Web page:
This newsletter will change your day. OK, well exciting as this newsletter is, the light from the screen on which you are reading it is changing your day – and night. This is because the blue light given off from computer and phone screens confuses our circadian rhythms and can disrupt our sleep. So even if the newsletter isn’t something to lose sleep over (despite its thrilling content), it may actually keep you up at night. Here’s to a strong cup of caffeine the next day then.
This is a good example of how we are always being affected by our environment and the materials with which we live, whether it is light or caffeine. We do not stand apart from these materials, and if we affect the materials around us, they in turn affect us. We are, in short, entangled in a world of flows and processes through and with which we come into being. Neither matter nor we are inert and already formed and finished. Life is about a constant going on.
These are some of the ideas explored in Rupert’s summer group exhibition, Entangled Tales, curated by Juste Jonutyte and Yates Norton currently on show until the 3rd of August at Rupert. The exhibition explores with several artists how thoughts, feelings, movements and matter are all entangled. We had an exciting opening celebrating this with sounds from local DJs, Palanga Street Radio, cocktails and piles of berries, fruits and vegetables displayed on ceramics by the exhibition’s architects, Ona Lozuraityte and Petras Isora. If you were struck by Ona and Petras’ curving structure made of expandable foam, then you can see more of their brilliant work at Nida Art Colony, from next week. Our current artists-in-residence, Sarah Chow, Daniel Rossi, together with exhibition artist, Anastasija Sosunova, also led a workshop that engaged with our correspondences with matter and the environment. They brought together hands, spices, clay, leaves and Daniel’s half-shaven body (best to see the pics…). You can come to Rupert for further discussions on themes of matter, storytelling, identity and politics with lectures by Anna Gritz and Dr Rick Dolphijn in the coming month. And closing Entangled Tales, we’ll have exhibition artist, Julie Béna, perform texts she had written while a resident at Rupert in 2016 (which were then edited in her book It Needed to be Tender and to be Whipped, published by Montez Press, a publishing house set up by another of the exhibition’s artists, Than Hussein Clark – entangled worlds indeed!).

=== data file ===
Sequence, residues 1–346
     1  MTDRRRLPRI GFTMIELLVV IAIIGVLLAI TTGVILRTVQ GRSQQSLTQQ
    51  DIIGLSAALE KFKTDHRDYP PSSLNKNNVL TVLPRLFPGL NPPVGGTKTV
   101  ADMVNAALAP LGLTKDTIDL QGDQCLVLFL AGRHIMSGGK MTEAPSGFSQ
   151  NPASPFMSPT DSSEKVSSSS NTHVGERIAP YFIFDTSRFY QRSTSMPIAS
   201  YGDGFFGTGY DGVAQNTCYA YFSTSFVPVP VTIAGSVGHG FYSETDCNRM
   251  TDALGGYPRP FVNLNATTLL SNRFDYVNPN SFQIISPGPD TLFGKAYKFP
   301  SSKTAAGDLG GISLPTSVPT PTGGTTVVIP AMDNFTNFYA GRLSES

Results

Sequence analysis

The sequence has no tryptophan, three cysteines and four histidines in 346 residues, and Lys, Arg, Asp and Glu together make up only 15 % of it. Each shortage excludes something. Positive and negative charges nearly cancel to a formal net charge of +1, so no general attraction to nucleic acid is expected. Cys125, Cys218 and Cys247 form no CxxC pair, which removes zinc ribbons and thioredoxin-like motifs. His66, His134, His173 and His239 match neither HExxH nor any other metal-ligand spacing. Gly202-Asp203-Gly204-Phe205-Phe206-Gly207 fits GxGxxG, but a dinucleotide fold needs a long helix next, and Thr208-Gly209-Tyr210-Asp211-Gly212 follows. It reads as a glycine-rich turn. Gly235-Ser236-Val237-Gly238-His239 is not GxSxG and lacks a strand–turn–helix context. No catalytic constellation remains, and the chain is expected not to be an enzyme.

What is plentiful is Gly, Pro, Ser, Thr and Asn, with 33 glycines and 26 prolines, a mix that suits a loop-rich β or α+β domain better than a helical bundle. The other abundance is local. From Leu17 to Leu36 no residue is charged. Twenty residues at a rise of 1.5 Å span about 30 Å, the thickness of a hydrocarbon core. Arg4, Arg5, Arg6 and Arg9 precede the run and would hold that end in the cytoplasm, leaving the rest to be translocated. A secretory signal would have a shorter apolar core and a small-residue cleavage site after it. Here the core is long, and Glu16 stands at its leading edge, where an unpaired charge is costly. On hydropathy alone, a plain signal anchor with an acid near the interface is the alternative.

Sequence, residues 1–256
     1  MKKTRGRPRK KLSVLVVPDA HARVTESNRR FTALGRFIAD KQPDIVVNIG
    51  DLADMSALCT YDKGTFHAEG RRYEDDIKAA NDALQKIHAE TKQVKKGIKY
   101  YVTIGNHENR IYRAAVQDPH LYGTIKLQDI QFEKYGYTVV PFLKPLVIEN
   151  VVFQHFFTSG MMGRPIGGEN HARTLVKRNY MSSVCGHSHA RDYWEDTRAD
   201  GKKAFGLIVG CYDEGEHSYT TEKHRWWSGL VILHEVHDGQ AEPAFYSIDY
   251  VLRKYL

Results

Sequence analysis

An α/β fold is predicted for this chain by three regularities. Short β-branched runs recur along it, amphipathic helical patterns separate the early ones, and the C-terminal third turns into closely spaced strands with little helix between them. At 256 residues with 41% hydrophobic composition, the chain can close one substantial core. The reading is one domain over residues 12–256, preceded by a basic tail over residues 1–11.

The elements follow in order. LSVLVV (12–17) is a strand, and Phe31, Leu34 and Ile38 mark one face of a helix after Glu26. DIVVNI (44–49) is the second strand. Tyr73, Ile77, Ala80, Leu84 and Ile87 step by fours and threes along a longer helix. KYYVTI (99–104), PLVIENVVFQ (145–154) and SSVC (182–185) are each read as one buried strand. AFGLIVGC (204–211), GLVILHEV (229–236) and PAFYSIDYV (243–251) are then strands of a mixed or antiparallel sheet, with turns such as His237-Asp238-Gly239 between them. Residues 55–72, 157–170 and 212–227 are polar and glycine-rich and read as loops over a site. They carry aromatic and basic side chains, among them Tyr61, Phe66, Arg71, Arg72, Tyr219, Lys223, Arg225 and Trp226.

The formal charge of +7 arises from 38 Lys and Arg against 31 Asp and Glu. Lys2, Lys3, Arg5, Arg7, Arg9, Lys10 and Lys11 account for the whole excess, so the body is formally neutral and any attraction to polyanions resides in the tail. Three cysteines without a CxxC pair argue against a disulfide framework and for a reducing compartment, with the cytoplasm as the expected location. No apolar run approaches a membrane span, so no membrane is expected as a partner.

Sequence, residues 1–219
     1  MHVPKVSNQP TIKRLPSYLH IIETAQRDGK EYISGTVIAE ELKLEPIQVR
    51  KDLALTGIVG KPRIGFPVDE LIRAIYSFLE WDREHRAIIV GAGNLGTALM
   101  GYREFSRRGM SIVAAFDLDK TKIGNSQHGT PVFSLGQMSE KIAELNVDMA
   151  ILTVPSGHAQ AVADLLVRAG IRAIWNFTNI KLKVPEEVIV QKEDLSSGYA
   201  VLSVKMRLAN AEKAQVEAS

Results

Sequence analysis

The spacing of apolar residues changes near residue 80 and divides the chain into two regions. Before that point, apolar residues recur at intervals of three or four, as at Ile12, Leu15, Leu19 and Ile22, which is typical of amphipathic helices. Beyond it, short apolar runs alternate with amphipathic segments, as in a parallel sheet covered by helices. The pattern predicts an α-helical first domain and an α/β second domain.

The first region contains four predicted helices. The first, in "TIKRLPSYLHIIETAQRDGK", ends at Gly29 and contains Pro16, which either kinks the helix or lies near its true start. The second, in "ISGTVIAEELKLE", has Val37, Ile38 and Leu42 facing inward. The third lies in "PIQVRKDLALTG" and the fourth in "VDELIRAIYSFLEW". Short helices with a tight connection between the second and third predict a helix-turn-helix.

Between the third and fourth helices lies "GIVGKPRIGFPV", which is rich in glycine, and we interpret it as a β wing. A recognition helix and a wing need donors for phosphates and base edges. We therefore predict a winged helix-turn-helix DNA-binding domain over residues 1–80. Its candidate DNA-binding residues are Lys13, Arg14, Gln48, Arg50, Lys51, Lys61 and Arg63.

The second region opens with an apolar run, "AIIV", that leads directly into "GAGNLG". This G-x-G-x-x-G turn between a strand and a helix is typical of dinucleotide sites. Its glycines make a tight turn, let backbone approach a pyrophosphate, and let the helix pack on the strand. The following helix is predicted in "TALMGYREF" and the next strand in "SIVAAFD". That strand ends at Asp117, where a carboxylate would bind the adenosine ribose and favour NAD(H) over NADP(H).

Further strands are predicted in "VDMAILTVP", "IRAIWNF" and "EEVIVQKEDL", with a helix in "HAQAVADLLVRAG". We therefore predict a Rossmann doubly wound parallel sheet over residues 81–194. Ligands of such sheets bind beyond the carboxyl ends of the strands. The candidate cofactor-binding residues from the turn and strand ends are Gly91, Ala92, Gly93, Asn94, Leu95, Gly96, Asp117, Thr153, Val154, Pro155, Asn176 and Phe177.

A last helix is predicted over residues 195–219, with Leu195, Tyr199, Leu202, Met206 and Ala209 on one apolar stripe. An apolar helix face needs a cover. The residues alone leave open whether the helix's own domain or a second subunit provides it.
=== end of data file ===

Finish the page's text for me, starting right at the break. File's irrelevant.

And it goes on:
The blue light should really be keeping you up now (unless you’ve downloaded a filter), so we might as well keep you up with even more exciting things happening at Rupert and elsewhere, this time with our current Alternative Education Programme’s participants, who will be going to Kintai Arts to work on their projects as a group and individually for the final showcase at Rupert from September 13th to 15th.
We’ll leave you to tie up the threads of these entangled tales into an busy summer ahead. And keep that blue light coming by visiting our Instagram, Facebook, and signing up to our mailing list.
Image: Exhibition view from Entangled Tales, Rupert, Vilnius 2018. Photographer: Andrej Vasilenko.
core.pan is Sybil Montet & Simon Kounovsky (France/Czech Republic). Freelancers in the field of video and motion design, they live and work between Paris and Prague. Initiated in May 2016, their project is based on an extensive reflection around symbiosis, high end engineering and consciousness. The duo’s work experiments with new materiality and the digital as a way to explore the dynamics between mysticism, artificial intelligence, experimental science and biomimetic systems design.At Rupert they will set up a project at the intersection of land art and VR.
Daniel Rossi (Italy) is an artist living and working in Bremen, Germany. His work picks up structural elements of painting. Again and again he interrupts the surface of his canvases and introduces a haptic dimension in the picture, for example through the use of loose fabric elements. In his experimental handling of color and material, Rossi does not treat surface and materiality as opposites. The images have a process-like quality and invite you to meander through their layers. At Rupert the artist will develop the first work from a new series of paintings, which will be exhibited next year. The main focus of his work will be on materials, fabrics, alteration, textures and techniques like absorbing patterns of the environment through liquid latex and painting interventions.